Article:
Tag: Christmas

The Heart of Christmas


This 44 page PDF ebook – “The Heart of Christmas” – is my gift to my friends.

It is compiled from Bible studies, devotionals and blog entries from http://www.onefocusministries.com and replaces “The Christmas Book” (offered a few years back) since it now includes the most recent posts about Christmas.

The first entry – Christmas 2020 – and the last entry – Our Father’s Perfect Timing – are the newest.

Feel free to download for yourself and for others. 

 Merry Christmas!

© Stephanie B. Blake

The Heart of Christmas





The Focus of the Christmas Season

For there is born to you this day in the city of David a Savior, who is Christ the Lord (Luke 2:11).

In America, this time of year is called the “holiday season”. Beginning with Thanksgiving and ending with New Year’s Day, it is a time of hurried activity, family gatherings, lots of food, and decorations galore. Wedged in between Thanksgiving and New Year’s Day is Christmas.

Thanksgiving is defined in its name. At the very least, during the huge Thanksgiving meal of turkey, dressing, sweet potatoes, cranberry sauce, green bean casserole or black-eyed peas and an array of desserts, each family usually pauses to give thanks for the blessings of the past year.

New Year’s Eve is a grand celebration of the ending of one year and the beginning of another. There is something about turning over a page in our own personal history and putting up a new calendar on the wall that causes us to reflect on the past year and make plans for improvement in the next.

The significance of Christmas somehow gets lost in the busyness of the season itself. Late November to early January used to be known as the Christmas season. It has been redefined as the “holiday season” and Christmas itself, in many cases, has been swallowed up by the activities preceding and following Christmas day. That day of all days – when God sent His Son to wear our flesh and bear our sins – is lost in a world of secularism. So much so, in fact, that one institution tried to outlaw Christmas trees in its building because it puts too much emphasis on Christianity during Christmas time. ??? After protests, their solution was to allow the Christmas tree if there were also symbols for Hanukkah and Kwanzaa.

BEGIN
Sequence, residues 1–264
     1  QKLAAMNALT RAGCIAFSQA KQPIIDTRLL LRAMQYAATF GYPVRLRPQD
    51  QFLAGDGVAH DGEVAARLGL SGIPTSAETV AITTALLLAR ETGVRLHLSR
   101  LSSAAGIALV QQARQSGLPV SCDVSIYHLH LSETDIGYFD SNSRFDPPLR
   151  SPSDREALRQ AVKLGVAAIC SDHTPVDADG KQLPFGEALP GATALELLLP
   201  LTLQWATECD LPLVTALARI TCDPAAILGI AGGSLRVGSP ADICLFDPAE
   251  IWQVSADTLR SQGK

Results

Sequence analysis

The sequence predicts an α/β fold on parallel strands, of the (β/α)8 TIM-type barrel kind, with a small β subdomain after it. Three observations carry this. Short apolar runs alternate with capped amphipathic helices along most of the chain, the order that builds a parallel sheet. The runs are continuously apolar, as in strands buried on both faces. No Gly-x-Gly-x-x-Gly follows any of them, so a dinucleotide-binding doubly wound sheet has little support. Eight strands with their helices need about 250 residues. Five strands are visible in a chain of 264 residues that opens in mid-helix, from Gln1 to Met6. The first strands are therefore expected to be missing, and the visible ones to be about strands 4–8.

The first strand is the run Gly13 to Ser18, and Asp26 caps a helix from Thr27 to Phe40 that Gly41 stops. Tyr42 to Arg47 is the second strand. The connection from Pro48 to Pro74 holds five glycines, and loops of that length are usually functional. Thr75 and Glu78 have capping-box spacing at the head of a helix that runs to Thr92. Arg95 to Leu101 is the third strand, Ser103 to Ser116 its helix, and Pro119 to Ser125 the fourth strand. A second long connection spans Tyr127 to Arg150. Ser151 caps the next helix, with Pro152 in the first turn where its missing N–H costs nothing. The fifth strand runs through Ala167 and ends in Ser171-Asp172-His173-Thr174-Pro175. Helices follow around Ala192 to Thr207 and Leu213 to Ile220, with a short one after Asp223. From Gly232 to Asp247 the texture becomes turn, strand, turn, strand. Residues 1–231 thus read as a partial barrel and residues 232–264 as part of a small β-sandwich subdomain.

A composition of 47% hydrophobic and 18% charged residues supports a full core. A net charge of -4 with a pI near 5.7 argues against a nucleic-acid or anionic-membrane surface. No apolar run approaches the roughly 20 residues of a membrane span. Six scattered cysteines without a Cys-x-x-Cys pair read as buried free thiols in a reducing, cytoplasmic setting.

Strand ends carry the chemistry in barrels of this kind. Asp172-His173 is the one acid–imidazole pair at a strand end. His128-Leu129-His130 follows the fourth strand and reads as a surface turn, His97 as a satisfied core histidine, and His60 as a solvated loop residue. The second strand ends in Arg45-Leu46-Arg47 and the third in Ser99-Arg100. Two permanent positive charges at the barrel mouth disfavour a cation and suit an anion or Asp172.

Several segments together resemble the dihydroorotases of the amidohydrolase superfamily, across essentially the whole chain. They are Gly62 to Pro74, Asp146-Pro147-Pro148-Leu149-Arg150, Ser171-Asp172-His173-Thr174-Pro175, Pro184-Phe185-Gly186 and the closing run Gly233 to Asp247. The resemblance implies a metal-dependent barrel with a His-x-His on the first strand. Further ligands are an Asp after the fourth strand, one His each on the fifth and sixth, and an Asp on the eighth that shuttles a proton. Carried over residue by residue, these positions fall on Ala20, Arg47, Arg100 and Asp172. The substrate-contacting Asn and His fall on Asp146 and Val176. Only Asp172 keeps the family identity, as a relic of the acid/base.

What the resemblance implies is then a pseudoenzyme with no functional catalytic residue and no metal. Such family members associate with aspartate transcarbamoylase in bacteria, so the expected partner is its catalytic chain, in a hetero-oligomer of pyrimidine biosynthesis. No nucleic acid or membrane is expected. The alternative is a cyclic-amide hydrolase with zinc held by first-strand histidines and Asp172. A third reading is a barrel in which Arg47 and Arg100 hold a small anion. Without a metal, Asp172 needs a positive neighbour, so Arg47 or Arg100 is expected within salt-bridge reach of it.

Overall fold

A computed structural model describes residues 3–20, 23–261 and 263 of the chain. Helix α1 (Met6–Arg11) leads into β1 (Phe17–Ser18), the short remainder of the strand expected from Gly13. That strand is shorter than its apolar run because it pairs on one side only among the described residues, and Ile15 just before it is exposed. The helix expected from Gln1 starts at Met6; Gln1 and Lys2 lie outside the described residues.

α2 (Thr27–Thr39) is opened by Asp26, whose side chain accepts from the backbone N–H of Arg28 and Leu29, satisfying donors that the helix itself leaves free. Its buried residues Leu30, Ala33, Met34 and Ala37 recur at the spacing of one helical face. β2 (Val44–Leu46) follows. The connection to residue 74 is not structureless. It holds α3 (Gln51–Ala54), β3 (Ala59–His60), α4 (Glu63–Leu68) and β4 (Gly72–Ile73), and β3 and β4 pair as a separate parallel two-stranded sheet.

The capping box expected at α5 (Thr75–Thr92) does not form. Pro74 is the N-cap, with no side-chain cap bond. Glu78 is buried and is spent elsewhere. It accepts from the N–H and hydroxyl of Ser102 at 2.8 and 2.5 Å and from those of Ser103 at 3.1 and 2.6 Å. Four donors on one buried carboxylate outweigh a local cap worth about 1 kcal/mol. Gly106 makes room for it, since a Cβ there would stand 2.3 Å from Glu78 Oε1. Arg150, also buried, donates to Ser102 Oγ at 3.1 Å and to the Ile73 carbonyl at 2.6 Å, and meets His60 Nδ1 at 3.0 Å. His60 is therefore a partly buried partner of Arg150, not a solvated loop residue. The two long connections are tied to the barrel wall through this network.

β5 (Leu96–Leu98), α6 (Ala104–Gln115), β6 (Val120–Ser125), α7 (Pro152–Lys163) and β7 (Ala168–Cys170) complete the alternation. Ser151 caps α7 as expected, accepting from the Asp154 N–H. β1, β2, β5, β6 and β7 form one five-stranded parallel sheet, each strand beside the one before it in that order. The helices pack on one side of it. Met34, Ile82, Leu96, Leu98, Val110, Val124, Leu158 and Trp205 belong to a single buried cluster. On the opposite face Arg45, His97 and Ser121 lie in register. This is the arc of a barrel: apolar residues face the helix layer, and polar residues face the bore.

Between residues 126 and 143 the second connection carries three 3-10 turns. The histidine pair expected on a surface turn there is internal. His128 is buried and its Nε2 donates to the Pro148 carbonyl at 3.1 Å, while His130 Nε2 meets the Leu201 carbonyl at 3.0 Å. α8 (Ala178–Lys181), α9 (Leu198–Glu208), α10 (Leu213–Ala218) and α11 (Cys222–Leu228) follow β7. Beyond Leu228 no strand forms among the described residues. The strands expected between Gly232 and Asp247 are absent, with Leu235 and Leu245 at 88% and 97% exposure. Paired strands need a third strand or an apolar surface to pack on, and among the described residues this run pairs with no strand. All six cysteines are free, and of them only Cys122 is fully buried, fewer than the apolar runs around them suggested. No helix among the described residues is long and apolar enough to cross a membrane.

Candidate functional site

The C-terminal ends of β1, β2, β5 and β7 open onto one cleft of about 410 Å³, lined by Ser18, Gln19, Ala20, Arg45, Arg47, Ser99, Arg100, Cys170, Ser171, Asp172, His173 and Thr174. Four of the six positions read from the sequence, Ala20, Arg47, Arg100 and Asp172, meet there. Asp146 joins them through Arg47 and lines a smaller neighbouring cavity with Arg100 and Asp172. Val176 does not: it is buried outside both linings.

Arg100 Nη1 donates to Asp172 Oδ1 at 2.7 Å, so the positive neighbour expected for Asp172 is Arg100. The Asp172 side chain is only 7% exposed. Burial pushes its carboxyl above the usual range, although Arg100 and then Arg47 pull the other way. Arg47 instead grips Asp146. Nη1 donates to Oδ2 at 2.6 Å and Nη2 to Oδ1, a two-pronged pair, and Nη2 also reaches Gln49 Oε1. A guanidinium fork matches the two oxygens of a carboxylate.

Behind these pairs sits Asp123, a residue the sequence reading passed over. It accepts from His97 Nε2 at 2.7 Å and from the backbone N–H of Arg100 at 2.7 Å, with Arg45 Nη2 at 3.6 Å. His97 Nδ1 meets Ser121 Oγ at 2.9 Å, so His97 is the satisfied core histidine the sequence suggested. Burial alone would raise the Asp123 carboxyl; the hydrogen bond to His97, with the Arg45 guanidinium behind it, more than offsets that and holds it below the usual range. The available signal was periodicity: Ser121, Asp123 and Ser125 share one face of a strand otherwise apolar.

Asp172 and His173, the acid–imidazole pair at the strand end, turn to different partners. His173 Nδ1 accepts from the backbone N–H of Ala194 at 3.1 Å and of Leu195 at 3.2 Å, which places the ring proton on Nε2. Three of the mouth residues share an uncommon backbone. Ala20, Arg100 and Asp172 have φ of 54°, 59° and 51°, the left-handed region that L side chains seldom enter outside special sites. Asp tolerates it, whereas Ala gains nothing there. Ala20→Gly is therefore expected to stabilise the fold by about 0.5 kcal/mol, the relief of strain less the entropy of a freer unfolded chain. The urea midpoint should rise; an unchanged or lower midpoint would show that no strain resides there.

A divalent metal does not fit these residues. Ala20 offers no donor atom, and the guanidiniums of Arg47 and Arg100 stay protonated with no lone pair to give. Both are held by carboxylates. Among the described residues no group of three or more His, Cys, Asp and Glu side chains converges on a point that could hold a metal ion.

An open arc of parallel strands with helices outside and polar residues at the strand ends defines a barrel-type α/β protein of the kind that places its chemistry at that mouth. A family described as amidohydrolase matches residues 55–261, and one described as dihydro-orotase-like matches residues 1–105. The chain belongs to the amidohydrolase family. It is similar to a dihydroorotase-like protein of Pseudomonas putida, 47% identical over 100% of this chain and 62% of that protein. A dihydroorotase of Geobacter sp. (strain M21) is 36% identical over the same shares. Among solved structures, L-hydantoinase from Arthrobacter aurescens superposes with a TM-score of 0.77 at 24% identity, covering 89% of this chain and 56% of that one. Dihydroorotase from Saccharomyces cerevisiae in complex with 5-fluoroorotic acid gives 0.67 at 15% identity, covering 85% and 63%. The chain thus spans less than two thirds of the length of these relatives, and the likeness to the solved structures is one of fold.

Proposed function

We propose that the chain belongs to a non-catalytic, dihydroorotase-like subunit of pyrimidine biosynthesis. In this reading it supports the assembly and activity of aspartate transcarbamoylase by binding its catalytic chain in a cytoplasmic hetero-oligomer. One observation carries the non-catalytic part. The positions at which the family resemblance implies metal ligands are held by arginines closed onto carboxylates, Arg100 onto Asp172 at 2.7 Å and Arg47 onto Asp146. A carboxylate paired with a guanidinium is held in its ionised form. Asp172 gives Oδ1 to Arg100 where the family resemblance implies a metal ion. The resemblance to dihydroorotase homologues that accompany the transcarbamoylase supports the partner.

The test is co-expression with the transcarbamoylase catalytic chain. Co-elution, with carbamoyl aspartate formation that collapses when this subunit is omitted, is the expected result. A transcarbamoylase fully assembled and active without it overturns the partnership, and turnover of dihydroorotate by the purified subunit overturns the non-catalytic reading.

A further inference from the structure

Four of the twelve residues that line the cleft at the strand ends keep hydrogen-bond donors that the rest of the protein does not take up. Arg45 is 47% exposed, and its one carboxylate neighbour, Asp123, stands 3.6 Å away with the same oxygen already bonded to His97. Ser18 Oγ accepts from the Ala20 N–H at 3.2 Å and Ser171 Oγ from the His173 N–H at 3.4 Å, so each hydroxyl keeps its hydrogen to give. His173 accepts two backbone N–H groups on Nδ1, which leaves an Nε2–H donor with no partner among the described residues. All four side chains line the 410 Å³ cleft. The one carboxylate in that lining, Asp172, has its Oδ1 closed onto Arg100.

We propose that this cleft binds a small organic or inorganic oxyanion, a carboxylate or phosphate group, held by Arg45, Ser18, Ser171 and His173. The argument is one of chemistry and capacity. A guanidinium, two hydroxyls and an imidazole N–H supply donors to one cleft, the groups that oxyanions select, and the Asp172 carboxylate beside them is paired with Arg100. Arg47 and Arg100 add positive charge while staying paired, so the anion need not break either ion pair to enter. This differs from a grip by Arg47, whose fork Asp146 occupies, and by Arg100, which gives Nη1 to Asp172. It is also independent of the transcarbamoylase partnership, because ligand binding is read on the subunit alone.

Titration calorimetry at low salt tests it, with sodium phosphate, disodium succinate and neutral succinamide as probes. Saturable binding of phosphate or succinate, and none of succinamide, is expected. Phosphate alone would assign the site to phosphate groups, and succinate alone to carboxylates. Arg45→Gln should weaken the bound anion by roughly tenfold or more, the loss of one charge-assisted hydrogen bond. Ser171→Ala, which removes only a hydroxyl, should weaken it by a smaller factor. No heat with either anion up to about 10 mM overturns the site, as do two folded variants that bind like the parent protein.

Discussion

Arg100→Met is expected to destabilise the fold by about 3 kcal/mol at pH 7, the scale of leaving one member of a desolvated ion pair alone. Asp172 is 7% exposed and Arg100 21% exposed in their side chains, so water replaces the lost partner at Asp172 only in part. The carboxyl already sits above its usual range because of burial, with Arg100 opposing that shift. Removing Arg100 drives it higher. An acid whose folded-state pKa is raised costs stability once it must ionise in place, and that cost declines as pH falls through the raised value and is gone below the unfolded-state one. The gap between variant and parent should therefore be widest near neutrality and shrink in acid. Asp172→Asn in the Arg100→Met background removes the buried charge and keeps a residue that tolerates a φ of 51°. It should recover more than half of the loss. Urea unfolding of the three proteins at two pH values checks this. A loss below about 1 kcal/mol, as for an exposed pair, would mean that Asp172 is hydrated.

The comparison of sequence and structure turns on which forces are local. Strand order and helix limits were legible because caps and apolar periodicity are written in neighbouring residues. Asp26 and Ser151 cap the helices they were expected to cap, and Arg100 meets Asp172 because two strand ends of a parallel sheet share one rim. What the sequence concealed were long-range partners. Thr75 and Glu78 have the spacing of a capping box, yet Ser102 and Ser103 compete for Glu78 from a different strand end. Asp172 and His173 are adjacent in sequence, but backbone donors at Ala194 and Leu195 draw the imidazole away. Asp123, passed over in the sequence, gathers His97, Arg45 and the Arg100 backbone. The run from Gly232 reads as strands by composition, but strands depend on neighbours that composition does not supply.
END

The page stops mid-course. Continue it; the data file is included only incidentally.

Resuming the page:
Satan tried to make Christ disappear when He was a small child and he is trying to make the celebration of His birth disappear. Although he will not win this war, he is winning small skirmishes. The changing of the Christmas season to the holiday season is symbolic of what is happening to American society. At the inception of this country, there was a strong focus on God and Christian principles. Today, that focus has become a political issue – some even denying that America was founded on Christian beliefs. As history books are being rewritten, the very character of this great nation is withering into a place where Christian principles are being challenged daily.

Rather than being swallowed up between Thanksgiving and the New Year, Christmas should be central in this season. Surprisingly many Americans do not feel this way. Although 90 percent of Americans celebrate Christmas, a LifeWay Research survey in 2010 revealed that, “Though a majority encourage belief in Christ at Christmastime, 67 percent of Americans say that, ‘Many of the things I enjoy during the Christmas season have nothing to do with the birth of Jesus Christ.’

As Dr. David Jeremiah states, “The music, meals, and merriment are fine as long as we stay clearly focused on the object and purpose of Christmas: Jesus Christ…. It’s all a matter of focus – and focus is a deliberate act. Don’t let the world dictate your focus this Christmas.”

We do not need to wait until Christmas to focus on Christ. Every day should be focused on Him and is the reason for the ONEFOCUSMINISTRIES website. These questions are on the home page:

ONE FOCUS – what does that mean to you? What do you think about most of the time? What is your purpose in life? What catches your attention? Do your thoughts and goals revolve around one central theme?


Why is making God your one focus in life so important?

What or who you focus on determines your attitude here on earth and where you will spend eternity. When you focus on anything or anyone other than God, you can miss His great love and His will for your life.

Knowing God – really knowing Him, not just knowing about Him – and focusing on Him gives your life meaning and purpose.

You are God’s creation and He loves you – so much that even before Adam and Eve chose to sin in the Garden of Eden, He provided a way back to Him through His only Son, Jesus Christ. If you recognize the reality of sin in your life, repent of that sin, and invite Jesus Christ to be your Savior and Lord, you become a child of God and will live with Him forever.

Resources on this website are:

  • Word Focus – Bible studies with downloadable PDF files.
  • Reflective Focus – monthly devotionals with downloadable PDF files.
  • One Focus Blog – current posts on keeping one focus on God.

Focus is important. If you focus on God, you will see His loving hand every day.

For those who give thanks to God at the Thanksgiving table and pledge to serve Him better in the New Year, how we celebrate Christmas should be the ultimate expression of our thanks to God for His incredible gift. For Christmas marks the birth of our Savior who lived a sinless life, died a sacrificial death on the cross for our sins and was resurrected. Victorious over death, He gave us life.